Background: Some false-positive results are inevitable in mammographic screening, but the impact of false-positive findings on the program and the participants is a disadvantage of screening. The objective of the current study was to estimate the cumulative risk of a false-positive result over 10 biennial screening examinations and the cumulative risk of undergoing an invasive procedure with a benign outcome in women screened between the ages of 50 years to 69 years.
Methods: A retrospective cohort study was performed in 231,310 women aged 50 years to 51 years at the time of first mammography screening who underwent 715,311 screening mammograms in the Norwegian Breast Cancer Screening Program from 1996 through 2010. Generalized linear mixed models were used to estimate the probability of a false-positive screening result and to compute the cumulative false-positive risk for up to 10 biennial screening examinations.
Results: The cumulative false-positive risk after 20 years of biennial screening for women who initiated screening aged 50 years to 51 years was 20.0% (95% confidence interval [95% CI], 19.7%-20.4%). The cumulative risk of undergoing an invasive procedure with a benign outcome for the same group of women was 4.1% (95% CI, 3.9%-4.3%). The cumulative risk of undergoing a fine-needle aspiration cytology, core needle biopsy, or open biopsy with a benign outcome was 1.4% (95% CI, 1.3%-1.5%), 2.0% (95% CI, 1.9%-2.1%), and 0.16% (95% CI, 0.13%-0.19%), respectively.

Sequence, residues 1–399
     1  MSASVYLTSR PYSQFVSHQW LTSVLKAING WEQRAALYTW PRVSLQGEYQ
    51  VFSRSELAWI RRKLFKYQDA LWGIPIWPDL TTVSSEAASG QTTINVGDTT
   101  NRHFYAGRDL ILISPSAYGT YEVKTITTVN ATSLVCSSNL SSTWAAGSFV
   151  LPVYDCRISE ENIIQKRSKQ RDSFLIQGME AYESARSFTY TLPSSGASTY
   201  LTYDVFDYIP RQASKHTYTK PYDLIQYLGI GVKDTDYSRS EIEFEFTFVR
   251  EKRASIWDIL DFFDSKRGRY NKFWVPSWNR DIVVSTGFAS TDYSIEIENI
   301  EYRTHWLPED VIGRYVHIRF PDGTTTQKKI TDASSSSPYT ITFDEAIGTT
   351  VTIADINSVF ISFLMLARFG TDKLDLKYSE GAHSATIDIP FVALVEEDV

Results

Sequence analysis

Conclusions: One in every 5 women will be recalled for further assessment with a negative outcome if they attend biennial mammographic screening between ages 50 years to 69 years. The risk of an invasive procedure with a benign outcome is approximately 4%. It is important to communicate the existence and extent of this risk to the target group and to reduce to a minimum the waiting times between screening and further assessment.
Keywords: breast neoplasms; false-positive results; female; mammography; mass screening.
Copyright © 2013 American Cancer Society.